Vol 4, No 1 (2019)


DOI: https://doi.org/10.5860/jifp.v4i1

Cover: Journal of Intellectual Freedom vol. 4, no. 1 (Spring 2019)

In this issue of JIFP, we include several commentaries from Choose Privacy Week 2018 and a feature article by Monica Maceli that addresses librarians’ conceptualizations of the internet and privacy-protecting technologies. As these writings make clear, privacy is a central concern of librarianship—it is part of our code of ethics, our core values, and is now incorporated in the Library Bill of Rights.

In addition to the standard concerns about patron privacy, such as circulation records and computer usage logs, librarians now must consider third-party vendors and services, companies that track users across different platforms and websites, and the aggregation of vast amounts of user data.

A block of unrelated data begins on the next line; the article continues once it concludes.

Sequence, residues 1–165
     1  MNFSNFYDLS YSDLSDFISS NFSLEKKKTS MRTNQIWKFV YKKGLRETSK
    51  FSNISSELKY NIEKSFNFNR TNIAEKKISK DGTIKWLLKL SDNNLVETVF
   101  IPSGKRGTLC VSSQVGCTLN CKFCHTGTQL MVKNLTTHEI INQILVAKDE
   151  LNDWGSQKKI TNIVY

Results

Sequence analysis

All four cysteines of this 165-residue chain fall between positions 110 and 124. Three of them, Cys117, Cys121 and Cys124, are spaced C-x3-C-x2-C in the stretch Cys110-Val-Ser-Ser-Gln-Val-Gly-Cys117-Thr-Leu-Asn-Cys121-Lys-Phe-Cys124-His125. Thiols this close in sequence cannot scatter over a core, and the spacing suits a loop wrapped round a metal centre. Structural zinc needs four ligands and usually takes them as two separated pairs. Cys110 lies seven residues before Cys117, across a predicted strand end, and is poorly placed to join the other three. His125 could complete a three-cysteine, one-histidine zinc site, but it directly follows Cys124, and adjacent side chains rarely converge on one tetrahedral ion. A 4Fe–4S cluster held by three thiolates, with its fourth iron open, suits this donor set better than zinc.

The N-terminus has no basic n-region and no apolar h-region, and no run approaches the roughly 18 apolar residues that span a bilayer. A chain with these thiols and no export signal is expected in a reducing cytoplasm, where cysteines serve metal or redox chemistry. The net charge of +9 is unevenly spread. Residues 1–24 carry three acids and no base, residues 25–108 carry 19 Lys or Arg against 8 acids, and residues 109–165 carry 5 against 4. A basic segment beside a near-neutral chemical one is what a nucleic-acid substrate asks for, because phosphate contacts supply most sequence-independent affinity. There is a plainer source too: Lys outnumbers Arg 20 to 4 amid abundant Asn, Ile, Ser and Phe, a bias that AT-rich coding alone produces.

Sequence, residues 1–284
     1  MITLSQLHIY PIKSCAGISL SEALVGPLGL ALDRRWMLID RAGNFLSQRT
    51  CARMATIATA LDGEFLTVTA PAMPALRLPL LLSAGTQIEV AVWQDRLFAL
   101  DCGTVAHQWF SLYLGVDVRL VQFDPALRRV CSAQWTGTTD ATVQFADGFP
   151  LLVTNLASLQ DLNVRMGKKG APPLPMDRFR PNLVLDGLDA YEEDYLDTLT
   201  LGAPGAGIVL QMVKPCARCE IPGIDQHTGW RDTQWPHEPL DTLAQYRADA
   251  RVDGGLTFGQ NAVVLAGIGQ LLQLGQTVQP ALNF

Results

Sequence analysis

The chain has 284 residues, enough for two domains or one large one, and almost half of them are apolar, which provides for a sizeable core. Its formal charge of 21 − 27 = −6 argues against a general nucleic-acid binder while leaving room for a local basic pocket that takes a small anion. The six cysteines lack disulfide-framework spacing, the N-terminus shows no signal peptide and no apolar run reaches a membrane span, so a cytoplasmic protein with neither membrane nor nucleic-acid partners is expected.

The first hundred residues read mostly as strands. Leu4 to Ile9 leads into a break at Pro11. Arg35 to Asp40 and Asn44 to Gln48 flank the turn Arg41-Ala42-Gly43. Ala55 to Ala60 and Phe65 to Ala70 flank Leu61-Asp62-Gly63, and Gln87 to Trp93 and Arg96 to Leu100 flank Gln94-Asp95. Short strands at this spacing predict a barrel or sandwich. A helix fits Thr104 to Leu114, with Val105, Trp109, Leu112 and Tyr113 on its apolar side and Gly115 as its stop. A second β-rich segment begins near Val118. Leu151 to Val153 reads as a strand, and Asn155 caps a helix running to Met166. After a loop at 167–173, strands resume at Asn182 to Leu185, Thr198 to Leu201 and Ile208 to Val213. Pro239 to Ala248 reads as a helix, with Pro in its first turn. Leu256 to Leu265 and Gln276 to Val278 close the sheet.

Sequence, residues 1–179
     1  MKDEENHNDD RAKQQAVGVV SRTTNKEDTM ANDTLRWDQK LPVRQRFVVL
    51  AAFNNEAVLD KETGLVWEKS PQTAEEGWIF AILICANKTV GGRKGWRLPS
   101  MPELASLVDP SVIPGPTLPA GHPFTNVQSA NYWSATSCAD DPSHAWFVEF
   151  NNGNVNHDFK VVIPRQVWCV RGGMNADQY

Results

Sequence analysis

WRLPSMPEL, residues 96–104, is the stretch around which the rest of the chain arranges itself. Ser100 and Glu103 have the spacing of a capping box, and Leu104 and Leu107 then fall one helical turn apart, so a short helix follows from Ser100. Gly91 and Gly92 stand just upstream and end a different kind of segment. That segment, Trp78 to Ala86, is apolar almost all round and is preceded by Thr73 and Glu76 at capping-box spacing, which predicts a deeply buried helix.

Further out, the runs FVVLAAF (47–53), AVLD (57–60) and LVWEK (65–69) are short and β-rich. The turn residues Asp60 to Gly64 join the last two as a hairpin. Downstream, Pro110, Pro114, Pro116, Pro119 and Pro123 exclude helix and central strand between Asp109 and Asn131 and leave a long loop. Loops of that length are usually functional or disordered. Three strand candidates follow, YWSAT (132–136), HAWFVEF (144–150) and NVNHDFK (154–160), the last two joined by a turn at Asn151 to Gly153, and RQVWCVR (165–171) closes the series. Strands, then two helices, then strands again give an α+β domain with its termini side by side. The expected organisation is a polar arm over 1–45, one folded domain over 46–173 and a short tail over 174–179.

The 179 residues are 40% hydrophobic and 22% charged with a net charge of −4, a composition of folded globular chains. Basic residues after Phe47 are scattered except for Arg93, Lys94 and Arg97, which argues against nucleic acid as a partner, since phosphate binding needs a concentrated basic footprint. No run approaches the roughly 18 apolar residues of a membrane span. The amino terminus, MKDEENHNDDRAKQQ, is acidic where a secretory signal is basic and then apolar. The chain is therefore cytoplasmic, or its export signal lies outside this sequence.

Many patrons rely on the library for access to computers, but is that access compromised through a lack of privacy? It can be difficult to discern this, particularly when librarians themselves may not fully understand what is happening to data or how it can be protected (as Maceli illustrates). Nonetheless, precisely because patrons do rely on us as trusted intermediaries and experts, librarians must develop and hone privacy-protecting skills. We need to become familiar and practiced with privacy-protecting technologies and resources, then implement them in our libraries, as much as possible.